Cole Varga (’10, international relations) understands more than most the impact of the recent immigration restrictions on families looking for better opportunities in the United States. As the executive director of Exodus Refugee Immigration Inc., he has seen firsthand how refugee resettlement transforms people’s lives.
Exodus is a 36-year-old Indianapolis-based non-profit refugee resettlement agency, and is one of about 300 in the United States. In 2016, Exodus welcomed 947 refugees from 17 countries, including Burma, Democratic Republic of Congo, Syria, Afghanistan, Bhutan, Burundi, Central African Republic, China, Cuba, Eritrea, Ethiopia, Honduras, Iran, Iraq, Somalia, Sudan, and Ukraine.
The recent executive orders on immigration have had a significant impact on Exodus’ work. The first order affected hundreds of refugees, including some Exodus clients. Varga described a family that had to change their plans several times as the executive order was challenged in federal court, despite having gone through a two-year vetting process.
“Having that back and forth was quite a swing in emotion for them,” he said, adding that the family eventually arrived in Indianapolis and have been settled in the area.
Exodus works with each refugee family to resettle them in central Indiana, and their services include anything from finding an apartment to arranging basic case management services like school, doctors, welfare and financial or English classes.
While all of those services are crucial, there’s another important role Exodus plays. “We’re there at the airport to welcome them. That’s one of the best parts of this job,” Varga said.
But these have been challenging times for Exodus.
The president’s second executive order called for a 120-day pause on refugee resettlement, along with other restrictions. Federal judges have blocked the order, but the outcome remains uncertain.
With the Trump administration’s efforts to lower the number of refugees allowed into the country to 50,000 (down from 110,000 under President Obama), resettlement agencies like Exodus have had to make significant budget cuts.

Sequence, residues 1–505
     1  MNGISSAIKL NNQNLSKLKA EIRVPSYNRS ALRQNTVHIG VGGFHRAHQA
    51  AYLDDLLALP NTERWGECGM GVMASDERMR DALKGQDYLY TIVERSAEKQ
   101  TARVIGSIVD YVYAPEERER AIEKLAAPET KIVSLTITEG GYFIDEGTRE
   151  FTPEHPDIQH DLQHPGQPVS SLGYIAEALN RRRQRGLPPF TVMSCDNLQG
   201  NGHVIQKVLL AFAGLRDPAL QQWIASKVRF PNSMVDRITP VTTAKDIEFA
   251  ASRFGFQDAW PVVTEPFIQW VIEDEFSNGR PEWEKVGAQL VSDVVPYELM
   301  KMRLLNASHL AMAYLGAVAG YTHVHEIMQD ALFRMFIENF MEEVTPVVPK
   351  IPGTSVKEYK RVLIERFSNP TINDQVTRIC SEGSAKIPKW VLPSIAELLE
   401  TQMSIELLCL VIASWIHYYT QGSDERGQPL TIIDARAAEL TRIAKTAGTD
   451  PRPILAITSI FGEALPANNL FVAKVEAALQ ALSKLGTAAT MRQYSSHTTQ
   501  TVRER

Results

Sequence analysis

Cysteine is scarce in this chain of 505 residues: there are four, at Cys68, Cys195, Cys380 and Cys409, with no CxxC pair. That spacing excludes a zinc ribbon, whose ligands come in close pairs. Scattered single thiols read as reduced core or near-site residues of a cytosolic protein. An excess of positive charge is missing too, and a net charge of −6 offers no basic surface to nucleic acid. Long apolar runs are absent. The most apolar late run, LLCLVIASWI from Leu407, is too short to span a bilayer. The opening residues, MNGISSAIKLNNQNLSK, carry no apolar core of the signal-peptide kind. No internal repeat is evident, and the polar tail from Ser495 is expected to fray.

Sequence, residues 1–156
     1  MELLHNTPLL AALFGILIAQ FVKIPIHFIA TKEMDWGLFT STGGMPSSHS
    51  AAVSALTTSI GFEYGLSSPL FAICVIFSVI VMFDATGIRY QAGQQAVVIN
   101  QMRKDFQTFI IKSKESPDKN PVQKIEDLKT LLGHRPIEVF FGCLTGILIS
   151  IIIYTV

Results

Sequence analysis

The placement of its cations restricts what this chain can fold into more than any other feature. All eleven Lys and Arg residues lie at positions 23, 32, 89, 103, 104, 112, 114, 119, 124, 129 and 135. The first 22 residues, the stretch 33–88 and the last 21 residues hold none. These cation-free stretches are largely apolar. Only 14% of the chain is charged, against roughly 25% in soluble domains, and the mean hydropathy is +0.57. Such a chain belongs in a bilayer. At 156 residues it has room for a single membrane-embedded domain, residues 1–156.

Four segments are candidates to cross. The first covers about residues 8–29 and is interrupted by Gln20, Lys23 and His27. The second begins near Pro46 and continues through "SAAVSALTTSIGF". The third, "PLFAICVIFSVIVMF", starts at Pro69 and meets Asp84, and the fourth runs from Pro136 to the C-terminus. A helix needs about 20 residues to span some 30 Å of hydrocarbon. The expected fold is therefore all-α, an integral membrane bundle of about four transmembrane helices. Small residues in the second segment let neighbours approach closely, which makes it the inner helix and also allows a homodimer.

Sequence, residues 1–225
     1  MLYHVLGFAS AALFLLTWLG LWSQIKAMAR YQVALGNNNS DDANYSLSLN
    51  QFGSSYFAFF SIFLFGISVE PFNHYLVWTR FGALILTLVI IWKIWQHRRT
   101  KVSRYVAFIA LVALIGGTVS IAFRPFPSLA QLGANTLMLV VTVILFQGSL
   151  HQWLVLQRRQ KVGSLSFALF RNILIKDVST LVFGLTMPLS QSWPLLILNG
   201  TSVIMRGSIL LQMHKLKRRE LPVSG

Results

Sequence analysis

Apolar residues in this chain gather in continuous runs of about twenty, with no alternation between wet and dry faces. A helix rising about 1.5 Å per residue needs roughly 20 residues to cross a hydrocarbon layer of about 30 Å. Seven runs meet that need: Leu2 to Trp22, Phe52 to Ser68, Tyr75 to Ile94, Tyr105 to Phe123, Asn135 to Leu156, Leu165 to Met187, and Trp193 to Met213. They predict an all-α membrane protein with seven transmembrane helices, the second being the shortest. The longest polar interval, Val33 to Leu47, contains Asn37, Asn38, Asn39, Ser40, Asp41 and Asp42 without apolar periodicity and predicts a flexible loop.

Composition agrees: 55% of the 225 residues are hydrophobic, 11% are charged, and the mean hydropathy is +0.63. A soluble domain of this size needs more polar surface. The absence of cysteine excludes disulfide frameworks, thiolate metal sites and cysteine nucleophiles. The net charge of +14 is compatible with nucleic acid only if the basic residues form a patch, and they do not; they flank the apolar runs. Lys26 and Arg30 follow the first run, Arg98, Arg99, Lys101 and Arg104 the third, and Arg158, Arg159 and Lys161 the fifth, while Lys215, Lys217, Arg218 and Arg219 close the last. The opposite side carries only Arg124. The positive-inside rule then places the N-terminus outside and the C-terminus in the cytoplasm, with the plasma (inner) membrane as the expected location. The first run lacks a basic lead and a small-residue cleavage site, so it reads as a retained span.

“That immediately does major damage to the infrastructure of this program across the country,” Varga said.
For Exodus, it means planning for a drastic, 40-percent reduction in the program, and cutting 15 of 43 positions. Roughly 90 percent of Exodus’ funding comes from the federal government, Varga said.
“Right now we’re addressing that by super fundraising as much as we can and bridge funding to get us through this rocky patch,” Varga said.
Despite the cutbacks facing Exodus, Varga continues to be a passionate advocate for refugees and the contributions they make to the community.
“Not only should we be doing this for the betterment of our community, making it more diverse, making it more vibrant, but for the betterment of the global humanity. Welcoming people is embedded in our values as the Hoosier state,” he said.
Varga recently was named one of the Indianapolis Business Journal’s “40 under 40” young professionals, making the list amid a record number of nominations for 2017. He said he was “surprised and incredibly honored. I really took it as an honor to the whole staff, because I really think it was about the work of Exodus rather than me.”
Varga has kept up his UIndy ties since graduating in 2010. He’s hired two alumni at Exodus and regularly has a student intern working at Exodus. One of his former mentors, Associate Professor Jyotika Saksena, is on the Board of Directors for Exodus.
“Cole has been doing a marvelous job handling this transition to a scaled-down operation while retaining its essential functions. In addition, he has maintained a high profile in the media,” said Saksena, associate professor of international relations and director of the Graduate Program in International Relations.
“What UIndy provided me with the international relations degree was a hunger for addressing these issues in our community,” Varga said.
Saksena added, “It makes us extremely proud that the Graduate Program in International Relations played an important part in Cole’s education and professional life. I am particularly proud of him because he started at Exodus Inc. as an intern in 2009 and seven years later he became the executive director of the agency.”
From day one, the work of Exodus made a lasting impression on Varga. The same day he began his internship, “we welcomed two families from China who had fled and seeing what they had gone through, it was really inspiring with what they had overcome – and still managed to smile at the end of the day.”
Written by Sara Galer, Senior Communications Specialist, University of Indianapolis. Contact newsdesk@UIndy.edu with your campus news.